A young man whose brother died during an apparent attempt to get ‘high’ has called on those who may be suicidal and self-harming to consider the consequences for those they could be leaving behind.
Patrick Rea was speaking following the loss of his older brother Alec (24) less than a fortnight ago.
Alec passed away outside the family home in Carndonagh on the afternoon of Wednesday, February 3.
The talented musician, his brother said, appeared to have been trying to get high from propane gas but something went tragically wrong.
Initially, Patrick said, it was believed Alec may have died by suicide, but within hours of his passing, the circumstantial evidence seemed to point towards an accidental death.
Patrick (19) was alerted by his mother’s scream and wasted no time in trying to revive his brother, aided at the scene by a Jehovah’s Witness, who happened to be in the area at the time.
He said he wanted people to know in detail what had happened on that day and what families are left to deal with, in the hope that it will save even one life, and spare at least one other family the pain his own family are now forced to endure.
Recalling the sequence of events on the day of Alec’s death, Patrick said: “It was 4am. I was awake. I heard my brother come down the stairs into the kitchen. Half an hour later I go to the kitchen, he’s not there. I go to use our stove but I guess we’re out of gas but, as we found out later, at that time the gas line was disconnected. My brother was outside by our oil tank getting high and that was why the stove wasn’t working.
“About 10 am I’m still up. I tell my mum we’re out of gas. She checks the gas and it is working fine. She talks to my brother and offered him to go to Derry with her for shopping and to have a good time. My brother said no, he was just going to go out for a walk.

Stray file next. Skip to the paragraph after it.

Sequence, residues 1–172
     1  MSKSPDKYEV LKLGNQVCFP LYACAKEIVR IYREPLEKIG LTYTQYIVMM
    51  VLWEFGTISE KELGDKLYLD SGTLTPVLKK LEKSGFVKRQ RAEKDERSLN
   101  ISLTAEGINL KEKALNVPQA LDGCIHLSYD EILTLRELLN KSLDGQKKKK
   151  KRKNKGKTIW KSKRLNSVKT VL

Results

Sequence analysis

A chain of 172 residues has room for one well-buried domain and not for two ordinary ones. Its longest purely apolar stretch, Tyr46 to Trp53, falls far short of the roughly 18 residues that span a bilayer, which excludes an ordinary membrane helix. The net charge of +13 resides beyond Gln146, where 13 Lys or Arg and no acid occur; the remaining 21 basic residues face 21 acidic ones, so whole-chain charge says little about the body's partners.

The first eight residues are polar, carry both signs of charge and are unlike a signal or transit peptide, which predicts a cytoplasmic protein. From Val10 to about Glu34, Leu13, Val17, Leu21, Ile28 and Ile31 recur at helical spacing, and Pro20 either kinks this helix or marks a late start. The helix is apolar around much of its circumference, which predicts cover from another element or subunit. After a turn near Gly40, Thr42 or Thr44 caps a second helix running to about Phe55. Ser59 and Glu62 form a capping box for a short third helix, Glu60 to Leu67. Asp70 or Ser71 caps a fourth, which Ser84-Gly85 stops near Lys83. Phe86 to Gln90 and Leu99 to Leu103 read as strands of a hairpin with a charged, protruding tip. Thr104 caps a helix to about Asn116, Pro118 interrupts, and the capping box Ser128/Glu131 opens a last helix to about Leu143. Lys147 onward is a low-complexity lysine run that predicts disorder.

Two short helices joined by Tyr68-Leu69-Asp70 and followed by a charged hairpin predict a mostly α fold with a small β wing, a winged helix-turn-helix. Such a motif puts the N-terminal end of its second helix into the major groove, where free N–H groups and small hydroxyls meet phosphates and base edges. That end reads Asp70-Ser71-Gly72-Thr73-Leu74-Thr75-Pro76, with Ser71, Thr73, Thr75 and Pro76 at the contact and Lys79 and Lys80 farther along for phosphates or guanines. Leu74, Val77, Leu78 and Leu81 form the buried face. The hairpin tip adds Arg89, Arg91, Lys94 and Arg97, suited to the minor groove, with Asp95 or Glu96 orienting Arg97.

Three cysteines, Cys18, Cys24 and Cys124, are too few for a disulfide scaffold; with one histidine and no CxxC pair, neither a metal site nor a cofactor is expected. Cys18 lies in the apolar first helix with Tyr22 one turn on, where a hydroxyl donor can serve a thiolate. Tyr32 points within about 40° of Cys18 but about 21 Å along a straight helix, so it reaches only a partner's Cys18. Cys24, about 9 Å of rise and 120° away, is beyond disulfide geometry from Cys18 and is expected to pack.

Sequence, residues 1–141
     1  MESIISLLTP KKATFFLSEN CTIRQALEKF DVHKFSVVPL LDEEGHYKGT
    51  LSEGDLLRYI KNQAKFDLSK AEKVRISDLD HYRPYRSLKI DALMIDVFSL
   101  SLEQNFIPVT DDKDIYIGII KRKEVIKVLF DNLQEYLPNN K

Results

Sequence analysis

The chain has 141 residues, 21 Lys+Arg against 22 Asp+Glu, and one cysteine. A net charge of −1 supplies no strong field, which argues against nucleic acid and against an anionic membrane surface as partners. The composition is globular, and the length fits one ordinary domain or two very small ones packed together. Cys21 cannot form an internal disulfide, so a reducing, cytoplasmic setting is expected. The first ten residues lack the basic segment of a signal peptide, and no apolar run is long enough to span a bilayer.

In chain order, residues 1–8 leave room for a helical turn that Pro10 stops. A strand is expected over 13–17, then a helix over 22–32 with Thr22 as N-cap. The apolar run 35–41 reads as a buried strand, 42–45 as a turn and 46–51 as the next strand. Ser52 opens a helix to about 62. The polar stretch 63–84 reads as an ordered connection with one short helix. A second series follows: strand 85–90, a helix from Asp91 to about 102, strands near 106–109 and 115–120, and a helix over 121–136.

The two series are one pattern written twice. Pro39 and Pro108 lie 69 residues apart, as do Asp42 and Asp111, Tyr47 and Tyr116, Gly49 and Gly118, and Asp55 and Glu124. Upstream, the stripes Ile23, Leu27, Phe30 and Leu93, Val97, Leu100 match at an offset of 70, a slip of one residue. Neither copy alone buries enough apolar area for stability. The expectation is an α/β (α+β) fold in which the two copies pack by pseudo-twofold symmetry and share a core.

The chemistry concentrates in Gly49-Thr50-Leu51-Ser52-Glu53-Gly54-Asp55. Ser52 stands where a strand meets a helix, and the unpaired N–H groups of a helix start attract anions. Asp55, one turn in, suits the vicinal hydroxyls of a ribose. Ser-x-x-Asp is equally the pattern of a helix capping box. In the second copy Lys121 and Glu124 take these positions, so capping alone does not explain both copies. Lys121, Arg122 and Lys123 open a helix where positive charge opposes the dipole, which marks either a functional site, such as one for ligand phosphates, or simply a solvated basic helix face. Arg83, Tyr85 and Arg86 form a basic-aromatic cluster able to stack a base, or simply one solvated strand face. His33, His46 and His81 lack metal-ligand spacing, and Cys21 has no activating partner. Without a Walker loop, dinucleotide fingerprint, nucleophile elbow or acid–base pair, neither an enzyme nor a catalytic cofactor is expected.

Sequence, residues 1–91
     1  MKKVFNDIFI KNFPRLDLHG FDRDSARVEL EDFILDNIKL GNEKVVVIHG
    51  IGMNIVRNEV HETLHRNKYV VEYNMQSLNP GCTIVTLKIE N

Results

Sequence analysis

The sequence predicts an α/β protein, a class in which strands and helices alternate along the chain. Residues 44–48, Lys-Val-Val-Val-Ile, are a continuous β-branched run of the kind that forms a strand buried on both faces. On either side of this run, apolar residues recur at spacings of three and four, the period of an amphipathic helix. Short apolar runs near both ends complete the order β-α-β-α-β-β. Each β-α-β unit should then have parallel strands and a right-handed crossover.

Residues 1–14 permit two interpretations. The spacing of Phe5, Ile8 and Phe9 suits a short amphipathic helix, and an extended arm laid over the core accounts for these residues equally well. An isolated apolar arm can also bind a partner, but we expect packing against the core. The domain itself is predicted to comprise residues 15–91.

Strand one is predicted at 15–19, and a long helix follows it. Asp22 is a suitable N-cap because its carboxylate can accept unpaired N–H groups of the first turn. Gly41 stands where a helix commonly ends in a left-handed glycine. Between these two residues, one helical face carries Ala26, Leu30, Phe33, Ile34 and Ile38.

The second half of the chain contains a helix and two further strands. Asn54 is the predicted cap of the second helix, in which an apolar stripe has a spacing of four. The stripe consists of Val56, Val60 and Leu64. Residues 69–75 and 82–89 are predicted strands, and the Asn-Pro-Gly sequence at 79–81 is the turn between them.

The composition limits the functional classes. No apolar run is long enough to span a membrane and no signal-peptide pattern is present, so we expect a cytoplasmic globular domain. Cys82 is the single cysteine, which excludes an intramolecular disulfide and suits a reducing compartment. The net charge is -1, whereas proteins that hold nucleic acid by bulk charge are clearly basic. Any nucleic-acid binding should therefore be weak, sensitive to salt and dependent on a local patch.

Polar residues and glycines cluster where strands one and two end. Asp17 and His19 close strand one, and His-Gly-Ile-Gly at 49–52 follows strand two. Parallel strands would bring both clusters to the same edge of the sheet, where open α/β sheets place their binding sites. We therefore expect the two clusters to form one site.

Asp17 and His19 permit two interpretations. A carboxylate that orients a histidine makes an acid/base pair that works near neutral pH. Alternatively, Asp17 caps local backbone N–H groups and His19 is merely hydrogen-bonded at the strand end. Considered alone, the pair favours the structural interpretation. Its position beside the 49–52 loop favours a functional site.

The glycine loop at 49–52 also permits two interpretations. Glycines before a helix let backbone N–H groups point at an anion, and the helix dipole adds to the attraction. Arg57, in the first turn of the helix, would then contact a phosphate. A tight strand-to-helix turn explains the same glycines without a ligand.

“My mother didn’t actually go to Derry. I went out with a friend at about 11 am. We went out and got lunch in Carn. I came back about 2pm and I had been up for about 24 hours so I went into bed and I guess at this point this is where the commotion starts.
“I hear from outside as I am lying in bed, my mum screams ‘Call 999’. It was a horrifying scream. I’ve never heard anything like it. So I jumped out of bed, quickly throw my clothes on.
“At first I thought my little sister had been hit by a car or something because she was playing outside, and there’s like the oil man who we had ordered some gas off because we thought it was empty earlier. He was standing out the back, and so I went back there and my mum was back there by the oil tank.
“I saw my brother, he was behind the oil tank. He was lying on his side. I quickly asked what had happened. My dad was out there as well. From the time we heard the scream until we were all out there was about 60 seconds.”
Patrick said that he ignored advice from others at the scene not to touch his brother and began CPR.
“I ignored them because I know he was in a really bad situation,” he said.
“My brother is well dressed, really well dressed. That is also why we thought he had killed himself.
“I roll him onto his back, and I see his forehead, his lips, part of his cheeks are purple. I start the CPR.
“I blow into his mouth. I hold his nose so the air just doesn’t come out. There’s a slight smell of propane. I’m not trained in CPR but just based on what I’ve read I try to do it as smartly as I could. I breathed into his mouth and I started chest compressions. 20 compressions, then you breathe twice into his mouth, then 20 compressions. I thought while I was doing this it’s very possible he was dead. I was 80 per cent sure he was dead. But I knew there was a few per cent chance I could get my brother back.
“The paramedics were being called. My arms start getting tired after a while. You never think but your arms start getting tired and you start getting exhausted while you do this. I’m a fit guy, I work out and I was still getting tired.”
The Jehovah’s Witness, who was consoling the family, was then asked to take over compressions while Patrick continued to do the breathing part. The ambulance arrived at the scene 15 to 20 minutes later and the Gardai arrived as well.
Initially, Patrick said, the family had thought Alec may have died by suicide.